They said that if they ever hiked the trail, they would build shelters instead of bringing a tent, and build fires every night. We said that this would get you arrested if you tried it almost anywhere on trail, and they insisted that they understood the principals of Leave No Trace— “Of course we’d put everything back and make it look like no one had been there.” I’m not sure how you make it look like no one cut down a tree to build a lean-to, but they seemed fixed on this idea.
Most of all, they marveled that I, a woman, had made it this far on the trail. It wasn’t so much the miles walked that impressed them, but that I could survive out here in the Woods, the mystical man’s world. They finally explained it to themselves when I mentioned that I had spent a lot of time playing in the woods when I was a kid— the magical influence of the woods had managed to overcome my womanly weakness. We tried to convince them there were a ton of other women on trail— we talked about Stumbles, Catdog, Lobby and Trinket, Marcia Powers, and of course, Heather Anderson, who held the speed record. But nothing could convince them that women could be in harmony with the woods the way that a man could be.
This conversation lasted a long time. It was a bit exasperating to listen to, but they were so kind about giving us food and drinks, and the fire was so warm, that it was hard to leave. Finally, it was mid-afternoon and Zach and I really had to get going. We heated our hands by the fire one last time, then thanked them for giving us so many yummy drinks and snacks. Now I was paranoid about showing any weakness, and as we hiked off, I walked with my head held high, feeling like I was representing my entire sex.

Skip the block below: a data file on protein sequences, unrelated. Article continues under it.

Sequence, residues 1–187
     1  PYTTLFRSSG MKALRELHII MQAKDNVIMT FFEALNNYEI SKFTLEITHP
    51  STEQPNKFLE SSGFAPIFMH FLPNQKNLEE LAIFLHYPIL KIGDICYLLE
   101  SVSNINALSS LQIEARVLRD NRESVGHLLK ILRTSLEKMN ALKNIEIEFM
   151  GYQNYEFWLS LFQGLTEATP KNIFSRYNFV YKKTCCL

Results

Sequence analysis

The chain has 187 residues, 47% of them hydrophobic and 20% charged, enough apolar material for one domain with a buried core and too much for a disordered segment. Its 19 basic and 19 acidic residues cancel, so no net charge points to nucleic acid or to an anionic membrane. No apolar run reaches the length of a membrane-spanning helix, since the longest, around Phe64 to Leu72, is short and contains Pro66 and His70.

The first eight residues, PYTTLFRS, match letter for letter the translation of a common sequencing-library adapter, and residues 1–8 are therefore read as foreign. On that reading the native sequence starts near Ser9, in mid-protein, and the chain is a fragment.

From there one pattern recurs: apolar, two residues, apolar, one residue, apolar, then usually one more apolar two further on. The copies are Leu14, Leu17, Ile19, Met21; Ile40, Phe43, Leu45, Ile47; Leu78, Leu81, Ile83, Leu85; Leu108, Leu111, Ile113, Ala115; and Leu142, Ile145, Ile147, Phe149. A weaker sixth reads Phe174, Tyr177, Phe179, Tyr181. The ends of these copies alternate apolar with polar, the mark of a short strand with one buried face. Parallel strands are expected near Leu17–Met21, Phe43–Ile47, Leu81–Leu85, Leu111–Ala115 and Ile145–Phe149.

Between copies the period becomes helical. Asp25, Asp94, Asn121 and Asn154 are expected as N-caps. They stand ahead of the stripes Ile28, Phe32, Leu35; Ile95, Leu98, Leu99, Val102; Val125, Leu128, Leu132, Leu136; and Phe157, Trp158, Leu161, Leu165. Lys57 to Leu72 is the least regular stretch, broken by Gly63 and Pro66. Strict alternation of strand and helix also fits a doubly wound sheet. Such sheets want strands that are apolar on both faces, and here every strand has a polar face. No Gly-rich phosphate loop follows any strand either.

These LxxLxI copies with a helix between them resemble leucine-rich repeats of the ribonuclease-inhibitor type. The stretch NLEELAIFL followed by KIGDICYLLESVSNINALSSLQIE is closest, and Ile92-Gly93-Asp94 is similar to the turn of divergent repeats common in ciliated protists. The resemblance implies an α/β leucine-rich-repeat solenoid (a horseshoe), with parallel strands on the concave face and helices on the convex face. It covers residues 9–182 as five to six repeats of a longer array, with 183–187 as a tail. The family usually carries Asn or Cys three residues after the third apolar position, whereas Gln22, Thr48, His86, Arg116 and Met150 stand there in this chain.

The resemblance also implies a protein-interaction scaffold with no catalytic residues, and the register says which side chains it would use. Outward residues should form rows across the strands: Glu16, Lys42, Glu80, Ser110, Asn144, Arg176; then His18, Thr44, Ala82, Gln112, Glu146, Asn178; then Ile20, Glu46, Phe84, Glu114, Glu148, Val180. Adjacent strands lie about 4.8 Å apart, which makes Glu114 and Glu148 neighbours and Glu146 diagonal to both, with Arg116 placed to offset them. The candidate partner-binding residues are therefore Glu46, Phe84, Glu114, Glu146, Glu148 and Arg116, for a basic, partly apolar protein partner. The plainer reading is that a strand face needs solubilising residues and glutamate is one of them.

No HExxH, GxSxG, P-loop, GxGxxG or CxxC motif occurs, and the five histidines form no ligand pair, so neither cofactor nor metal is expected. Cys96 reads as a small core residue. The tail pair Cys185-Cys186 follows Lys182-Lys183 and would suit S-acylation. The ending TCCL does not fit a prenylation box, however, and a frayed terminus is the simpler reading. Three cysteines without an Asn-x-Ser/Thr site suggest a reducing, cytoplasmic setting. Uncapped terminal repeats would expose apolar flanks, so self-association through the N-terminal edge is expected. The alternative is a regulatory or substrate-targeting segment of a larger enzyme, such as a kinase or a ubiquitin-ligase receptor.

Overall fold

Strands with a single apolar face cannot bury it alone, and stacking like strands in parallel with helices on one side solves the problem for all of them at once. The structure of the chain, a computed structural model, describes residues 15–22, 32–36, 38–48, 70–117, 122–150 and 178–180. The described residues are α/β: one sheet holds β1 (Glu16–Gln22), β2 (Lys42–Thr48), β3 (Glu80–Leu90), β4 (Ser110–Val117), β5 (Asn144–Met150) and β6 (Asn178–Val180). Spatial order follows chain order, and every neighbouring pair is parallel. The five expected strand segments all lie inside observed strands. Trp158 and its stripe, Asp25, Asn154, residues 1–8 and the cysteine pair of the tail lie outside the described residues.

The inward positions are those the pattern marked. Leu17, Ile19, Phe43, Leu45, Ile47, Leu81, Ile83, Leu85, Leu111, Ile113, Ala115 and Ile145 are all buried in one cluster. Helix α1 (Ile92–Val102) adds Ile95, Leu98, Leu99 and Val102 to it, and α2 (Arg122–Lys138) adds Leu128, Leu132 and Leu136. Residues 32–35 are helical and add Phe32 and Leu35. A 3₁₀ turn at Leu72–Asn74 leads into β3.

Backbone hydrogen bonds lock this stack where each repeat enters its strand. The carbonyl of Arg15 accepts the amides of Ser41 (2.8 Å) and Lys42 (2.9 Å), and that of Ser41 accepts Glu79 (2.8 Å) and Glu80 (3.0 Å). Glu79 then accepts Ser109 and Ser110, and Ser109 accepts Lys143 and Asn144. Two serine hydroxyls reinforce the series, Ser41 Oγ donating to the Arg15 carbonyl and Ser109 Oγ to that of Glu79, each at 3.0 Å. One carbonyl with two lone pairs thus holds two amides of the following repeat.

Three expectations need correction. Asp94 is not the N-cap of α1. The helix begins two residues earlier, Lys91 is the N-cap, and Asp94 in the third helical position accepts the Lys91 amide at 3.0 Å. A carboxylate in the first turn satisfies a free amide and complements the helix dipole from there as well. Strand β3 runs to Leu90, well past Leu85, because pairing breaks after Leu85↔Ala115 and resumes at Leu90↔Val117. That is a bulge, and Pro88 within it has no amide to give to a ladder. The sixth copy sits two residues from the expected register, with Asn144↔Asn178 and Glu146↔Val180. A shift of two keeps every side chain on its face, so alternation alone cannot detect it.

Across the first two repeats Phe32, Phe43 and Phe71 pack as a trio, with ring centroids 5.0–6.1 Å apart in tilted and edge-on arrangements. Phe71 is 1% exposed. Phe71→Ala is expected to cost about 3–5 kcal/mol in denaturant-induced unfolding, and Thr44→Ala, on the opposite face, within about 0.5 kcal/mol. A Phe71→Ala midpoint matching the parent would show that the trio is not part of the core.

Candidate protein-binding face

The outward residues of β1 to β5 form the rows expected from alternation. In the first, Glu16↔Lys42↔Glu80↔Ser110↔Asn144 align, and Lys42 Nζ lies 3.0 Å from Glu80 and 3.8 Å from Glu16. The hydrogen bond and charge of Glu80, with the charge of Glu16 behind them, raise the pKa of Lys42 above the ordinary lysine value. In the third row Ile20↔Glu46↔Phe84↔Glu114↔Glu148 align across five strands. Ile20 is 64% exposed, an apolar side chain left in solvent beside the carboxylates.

The weather was warmer now, and the wind had died down, although it was still chilly. As we hiked along, we talked about the odd conversation we’d just had. I fumed a bit about their male chauvinism, but in some ways, it was so innocent, so assumed, that I had a hard time being angry at them. At that moment, though, I realized something: I really appreciated all the guys that we had met on trail. Every one of them that I could think of had an overarching respect for women. Never once on trail, until now, had anyone made me feel weak or insignificant because I was a woman— on the contrary, several guys had talked about how jealous they were that women’s bodies generally held up to thru-hiking better than men’s did. In light of what had just happened, I appreciated this a lot more.
We hiked up and down, over hills and under trees. In the valleys the cold air was pooled and we shivered like crazy, but on the ridges the sun was hot and we sweated. We hiked into a huge burned area and out again, the temperature constantly changing. It was hard for our bodies to adjust to freezing one minute and sweating the next!
We found cell phone reception and anxiously called Canada’s border patrol. We learned that our permits had been approved, and that our documents were being sent to the last resupply point, Stehekin. We were so relieved! A huge weight was lifted from me that day. We strolled along in high spirits after that, eating huckleberries from the red-leafed bushes.
|And we hiked through another burned area.|
We set up our tent in the flapping wind, then sat in the lee in the last cold light of day, trying to decide what to eat. There wasn’t any water here so we couldn’t make a hot meal, so we made tuna and parmesan wraps for dinner, and peanut butter and chocolate wraps for dessert. Then we ducked into our tent and read two chapters of The Silmarillion. Despite the wind, it wasn’t a very cold night, and soon we were lost in a deep sleep.